The Republican guarantee about pre-existing conditions is not a guarantee
Everybody needs health care.
But sick people need the most health care. And treating sick people costs a lot. That’s why in any given year the sickest 10 percent of Americans account for roughly two-thirds of health spending.
Those are the simple facts at the heart of what has become a deeply polarized debate about the U.S. health care system.
Now, just over 100 days into the Trump administration, that system — which accounts for roughly 18 percent of the U.S. economy — is about to get its second major revamp in less than a decade.
House Republicans passed their version of the American Health Care Act on Thursday, beginning the process of repealing the Obama-era Affordable Care Act. It was a second try for the bill, and this time Speaker Paul Ryan was able to win over moderate, swing-state Republicans with the addition of $8 billion in funds (proposed by Michigan Rep. Fred Upton) over the next five years to help with the coverage of people with pre-existing conditions.
Requiring health insurance companies to provide coverage to people with pre-existing health issues is one of the most popular provisions of Obamacare, and Republicans are eager to claim that their replacement bill will continue to provide coverage to people with pre-existing conditions, even if it allows insurers to charge more or not cover them at all.
President Trump, in an interview with CBS News’ John Dickerson, even offered what sounded like a guarantee of coverage for those people, but upon review, he never actually told Dickerson what precisely is guaranteed. Here’s the exchange, from a transcript.
Dickerson: So I’m not hearing you, Mr. President, say there’s a guarantee of pre-existing conditions.
Trump: We actually have a clause that guarantees.
So can you believe that coverage is guaranteed because the president kind of, sort of, said so? No, you can’t.
Per the Republican bill, states can request a waiver to federal rules to allow insurers to charge higher rates to people with pre-existing conditions as long as they have some sort of alternative system in place, such as a “high-risk” pool — a pot of money set aside to cover sicker patients. (Charging higher rates to those with pre-existing conditions wasn’t allowed under Obamacare.)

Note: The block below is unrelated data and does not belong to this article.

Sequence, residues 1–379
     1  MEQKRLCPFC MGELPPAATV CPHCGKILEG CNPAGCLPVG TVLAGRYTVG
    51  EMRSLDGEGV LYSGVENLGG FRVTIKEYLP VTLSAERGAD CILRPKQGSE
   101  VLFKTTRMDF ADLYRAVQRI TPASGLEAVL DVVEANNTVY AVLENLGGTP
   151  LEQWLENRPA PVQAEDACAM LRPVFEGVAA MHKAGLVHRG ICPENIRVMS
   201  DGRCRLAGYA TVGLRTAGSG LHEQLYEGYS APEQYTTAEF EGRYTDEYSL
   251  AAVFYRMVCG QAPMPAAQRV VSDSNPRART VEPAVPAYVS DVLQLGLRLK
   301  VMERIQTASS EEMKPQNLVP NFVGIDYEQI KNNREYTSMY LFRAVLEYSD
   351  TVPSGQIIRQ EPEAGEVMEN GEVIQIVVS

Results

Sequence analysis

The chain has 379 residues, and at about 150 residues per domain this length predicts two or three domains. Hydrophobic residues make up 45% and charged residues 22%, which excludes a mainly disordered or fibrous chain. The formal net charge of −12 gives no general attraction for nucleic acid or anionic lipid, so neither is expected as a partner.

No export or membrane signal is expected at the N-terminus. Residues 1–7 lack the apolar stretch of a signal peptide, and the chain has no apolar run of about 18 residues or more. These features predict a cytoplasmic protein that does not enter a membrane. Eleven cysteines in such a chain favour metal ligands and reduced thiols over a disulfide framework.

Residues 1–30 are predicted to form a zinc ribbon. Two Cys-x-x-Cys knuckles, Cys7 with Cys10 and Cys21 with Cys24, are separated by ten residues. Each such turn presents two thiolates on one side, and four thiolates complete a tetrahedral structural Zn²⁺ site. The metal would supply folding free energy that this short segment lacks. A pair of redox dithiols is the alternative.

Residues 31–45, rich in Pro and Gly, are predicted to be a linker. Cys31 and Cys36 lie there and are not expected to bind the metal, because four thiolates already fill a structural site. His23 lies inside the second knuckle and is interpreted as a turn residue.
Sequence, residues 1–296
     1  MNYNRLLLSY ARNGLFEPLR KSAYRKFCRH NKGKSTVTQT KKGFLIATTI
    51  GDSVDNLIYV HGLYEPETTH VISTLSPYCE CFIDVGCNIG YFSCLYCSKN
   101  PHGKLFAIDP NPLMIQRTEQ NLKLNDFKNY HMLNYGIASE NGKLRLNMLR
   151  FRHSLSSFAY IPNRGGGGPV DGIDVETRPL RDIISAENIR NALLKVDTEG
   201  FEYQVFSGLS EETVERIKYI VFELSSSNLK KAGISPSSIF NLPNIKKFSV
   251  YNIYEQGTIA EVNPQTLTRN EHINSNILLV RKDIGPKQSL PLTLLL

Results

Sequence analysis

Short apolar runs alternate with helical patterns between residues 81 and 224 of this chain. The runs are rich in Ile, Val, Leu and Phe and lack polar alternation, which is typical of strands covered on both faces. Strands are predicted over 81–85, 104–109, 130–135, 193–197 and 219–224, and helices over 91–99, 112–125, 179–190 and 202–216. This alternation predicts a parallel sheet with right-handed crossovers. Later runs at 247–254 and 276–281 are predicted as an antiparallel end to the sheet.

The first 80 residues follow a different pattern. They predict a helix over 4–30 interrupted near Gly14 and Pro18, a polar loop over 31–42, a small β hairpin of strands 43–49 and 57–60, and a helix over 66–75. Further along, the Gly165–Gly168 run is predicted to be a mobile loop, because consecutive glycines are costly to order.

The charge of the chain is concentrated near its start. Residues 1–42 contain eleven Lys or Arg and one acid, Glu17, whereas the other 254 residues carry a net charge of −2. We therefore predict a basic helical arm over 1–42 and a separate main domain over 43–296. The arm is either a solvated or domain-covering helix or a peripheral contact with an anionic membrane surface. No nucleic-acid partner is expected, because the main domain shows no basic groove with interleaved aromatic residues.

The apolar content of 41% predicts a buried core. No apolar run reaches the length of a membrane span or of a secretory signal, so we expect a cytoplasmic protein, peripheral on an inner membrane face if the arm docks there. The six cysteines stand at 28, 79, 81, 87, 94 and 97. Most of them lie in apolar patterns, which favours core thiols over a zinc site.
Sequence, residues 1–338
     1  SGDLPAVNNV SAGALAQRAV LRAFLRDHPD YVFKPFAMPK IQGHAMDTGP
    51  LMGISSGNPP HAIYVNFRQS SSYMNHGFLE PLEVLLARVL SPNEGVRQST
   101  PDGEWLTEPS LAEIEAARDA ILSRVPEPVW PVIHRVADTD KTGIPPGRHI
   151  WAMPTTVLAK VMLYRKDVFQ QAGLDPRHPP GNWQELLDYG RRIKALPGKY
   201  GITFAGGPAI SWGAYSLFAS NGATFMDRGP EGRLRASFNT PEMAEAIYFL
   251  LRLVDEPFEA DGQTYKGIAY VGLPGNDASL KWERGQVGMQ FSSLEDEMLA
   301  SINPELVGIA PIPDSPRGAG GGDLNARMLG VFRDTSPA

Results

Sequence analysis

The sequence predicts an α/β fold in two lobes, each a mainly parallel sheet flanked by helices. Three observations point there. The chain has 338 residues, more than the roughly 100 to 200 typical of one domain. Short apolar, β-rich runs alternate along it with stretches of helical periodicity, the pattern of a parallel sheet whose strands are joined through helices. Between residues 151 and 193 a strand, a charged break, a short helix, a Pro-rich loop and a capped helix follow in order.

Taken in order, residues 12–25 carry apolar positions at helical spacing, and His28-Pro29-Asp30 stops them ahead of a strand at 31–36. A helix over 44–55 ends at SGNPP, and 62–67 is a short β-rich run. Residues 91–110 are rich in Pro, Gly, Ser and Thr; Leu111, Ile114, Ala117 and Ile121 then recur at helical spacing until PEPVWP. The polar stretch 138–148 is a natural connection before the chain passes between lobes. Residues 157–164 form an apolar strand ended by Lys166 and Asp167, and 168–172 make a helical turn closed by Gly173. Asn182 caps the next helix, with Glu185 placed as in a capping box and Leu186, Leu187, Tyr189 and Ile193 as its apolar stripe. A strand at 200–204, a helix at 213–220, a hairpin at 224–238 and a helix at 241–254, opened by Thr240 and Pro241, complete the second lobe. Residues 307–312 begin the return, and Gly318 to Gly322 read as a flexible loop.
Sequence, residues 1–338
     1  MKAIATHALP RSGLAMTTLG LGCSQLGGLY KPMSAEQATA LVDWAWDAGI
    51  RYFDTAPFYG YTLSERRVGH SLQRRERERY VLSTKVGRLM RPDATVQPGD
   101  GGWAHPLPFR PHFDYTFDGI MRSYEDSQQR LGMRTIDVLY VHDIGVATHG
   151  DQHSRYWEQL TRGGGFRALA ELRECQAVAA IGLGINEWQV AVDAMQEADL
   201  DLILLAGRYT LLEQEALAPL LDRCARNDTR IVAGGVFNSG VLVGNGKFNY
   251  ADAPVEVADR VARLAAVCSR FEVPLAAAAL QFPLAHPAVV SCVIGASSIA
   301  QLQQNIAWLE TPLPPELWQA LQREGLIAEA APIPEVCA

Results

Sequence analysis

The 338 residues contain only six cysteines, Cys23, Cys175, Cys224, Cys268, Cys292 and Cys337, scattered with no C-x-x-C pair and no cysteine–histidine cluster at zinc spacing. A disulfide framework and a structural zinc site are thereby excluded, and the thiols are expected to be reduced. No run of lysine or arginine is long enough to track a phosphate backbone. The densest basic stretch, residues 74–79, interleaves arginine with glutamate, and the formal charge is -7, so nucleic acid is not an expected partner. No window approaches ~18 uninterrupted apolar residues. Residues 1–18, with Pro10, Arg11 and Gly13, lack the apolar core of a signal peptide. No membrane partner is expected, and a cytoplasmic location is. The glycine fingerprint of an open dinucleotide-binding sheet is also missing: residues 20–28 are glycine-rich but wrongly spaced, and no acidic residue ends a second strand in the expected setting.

Sounds good, except for one thing: all those sick people. Because sick people are so expensive to cover — remember, 10 percent of sick Americans account for two-thirds of spending — those pools of money have to be very big, or they don’t end up covering very many people at all.
So, is the addition of $8 billion in funds over five years — which swayed some moderates to the bill — on top of the previously included $130 billion over 10 years enough money?
It doesn’t look like it. For one thing, the $138 billion in federal money is supposed to be used for a bunch of different things besides high-risk pools, including helping people pay for high premiums and direct payments to health care providers.
Analysts at the center-left Center for American Progress say that even if all that money were used to pay for high risk pools of uninsured sick people, it would still be about $20 billion below the roughly $33 billion the government spends to help cover costs right now. A separate 2010 analysis by conservative-leaning economists found that a well-funded high-risk pool program for the U.S. as a whole would cost between $15 billion and $20 billion a year. (That’s more like $17 billion to $22 billion, adjusted for inflation.) So that’s below the roughly $15 billion that would be available for such pools for the first five years. (The $8 billion from the Upton amendment only covers five years.)
Of course, how long the money lasts also depends on how many states apply for waivers. In theory, if just one tiny state applies for a waiver, it could be more than enough money. But that’s just a possibility, which is the opposite of a guarantee.
Here’s the big picture: $138 billion sounds like a lot of money. But it’s actually tiny compared to the amount of federal spending that would be cut by the bill, roughly $1.2 trillion by 2026, according to a Congressional Budget Office analysis of the earlier version of the bill. And it’s even tinier compared to the entire health care sector, which amounted to roughly 3.2 trillion in 2015.
The bottom line is you can’t get $1.2 trillion worth of health care for $138 billion. And that means some people won’t get health care.
“You can’t fix all of it,” said Karen Pollitz, a senior fellow at the Kaiser Family Foundation, who has analyzed the Republican legislation. “It’s not enough.”